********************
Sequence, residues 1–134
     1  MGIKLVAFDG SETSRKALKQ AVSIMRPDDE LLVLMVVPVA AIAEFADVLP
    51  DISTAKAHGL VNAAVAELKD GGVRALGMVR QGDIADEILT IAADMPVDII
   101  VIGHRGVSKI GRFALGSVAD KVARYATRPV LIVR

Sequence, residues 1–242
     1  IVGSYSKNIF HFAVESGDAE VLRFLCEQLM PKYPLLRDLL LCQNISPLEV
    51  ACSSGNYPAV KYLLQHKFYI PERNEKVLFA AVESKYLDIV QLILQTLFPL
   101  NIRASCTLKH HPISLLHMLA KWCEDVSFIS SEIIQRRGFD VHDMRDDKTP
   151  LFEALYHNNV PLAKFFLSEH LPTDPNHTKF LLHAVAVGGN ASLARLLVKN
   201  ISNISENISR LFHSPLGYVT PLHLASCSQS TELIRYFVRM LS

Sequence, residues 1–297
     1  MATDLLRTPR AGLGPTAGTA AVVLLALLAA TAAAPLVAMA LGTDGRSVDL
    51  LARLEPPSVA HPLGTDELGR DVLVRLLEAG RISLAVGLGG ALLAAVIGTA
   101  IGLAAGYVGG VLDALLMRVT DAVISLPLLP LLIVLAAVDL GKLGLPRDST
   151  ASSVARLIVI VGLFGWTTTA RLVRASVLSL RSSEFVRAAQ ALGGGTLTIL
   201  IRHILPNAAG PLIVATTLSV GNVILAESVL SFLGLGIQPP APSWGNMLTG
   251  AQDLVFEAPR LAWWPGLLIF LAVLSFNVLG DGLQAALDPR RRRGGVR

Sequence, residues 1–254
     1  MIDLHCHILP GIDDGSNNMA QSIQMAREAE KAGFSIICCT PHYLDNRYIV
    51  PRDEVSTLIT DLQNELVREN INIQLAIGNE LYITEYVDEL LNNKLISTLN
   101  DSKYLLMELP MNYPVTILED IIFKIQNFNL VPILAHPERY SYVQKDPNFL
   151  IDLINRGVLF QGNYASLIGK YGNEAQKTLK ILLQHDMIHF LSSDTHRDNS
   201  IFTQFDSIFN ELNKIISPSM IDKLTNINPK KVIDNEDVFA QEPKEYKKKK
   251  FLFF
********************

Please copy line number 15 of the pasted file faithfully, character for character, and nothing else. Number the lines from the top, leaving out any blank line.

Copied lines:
   151  ASSVARLIVI VGLFGWTTTA RLVRASVLSL RSSEFVRAAQ ALGGGTLTIL